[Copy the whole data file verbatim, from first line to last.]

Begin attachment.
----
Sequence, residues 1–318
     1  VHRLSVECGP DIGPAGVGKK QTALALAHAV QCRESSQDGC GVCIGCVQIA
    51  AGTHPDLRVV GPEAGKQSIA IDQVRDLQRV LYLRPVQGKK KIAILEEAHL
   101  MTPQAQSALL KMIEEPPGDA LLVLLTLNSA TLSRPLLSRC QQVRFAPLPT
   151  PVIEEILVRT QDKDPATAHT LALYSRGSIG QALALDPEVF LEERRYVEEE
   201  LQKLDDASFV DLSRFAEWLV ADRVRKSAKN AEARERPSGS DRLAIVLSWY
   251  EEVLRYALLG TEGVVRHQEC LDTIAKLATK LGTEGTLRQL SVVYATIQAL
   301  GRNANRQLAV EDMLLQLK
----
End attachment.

Sequence, residues 1–318
     1  VHRLSVECGP DIGPAGVGKK QTALALAHAV QCRESSQDGC GVCIGCVQIA
    51  AGTHPDLRVV GPEAGKQSIA IDQVRDLQRV LYLRPVQGKK KIAILEEAHL
   101  MTPQAQSALL KMIEEPPGDA LLVLLTLNSA TLSRPLLSRC QQVRFAPLPT
   151  PVIEEILVRT QDKDPATAHT LALYSRGSIG QALALDPEVF LEERRYVEEE
   201  LQKLDDASFV DLSRFAEWLV ADRVRKSAKN AEARERPSGS DRLAIVLSWY
   251  EEVLRYALLG TEGVVRHQEC LDTIAKLATK LGTEGTLRQL SVVYATIQAL
   301  GRNANRQLAV EDMLLQLK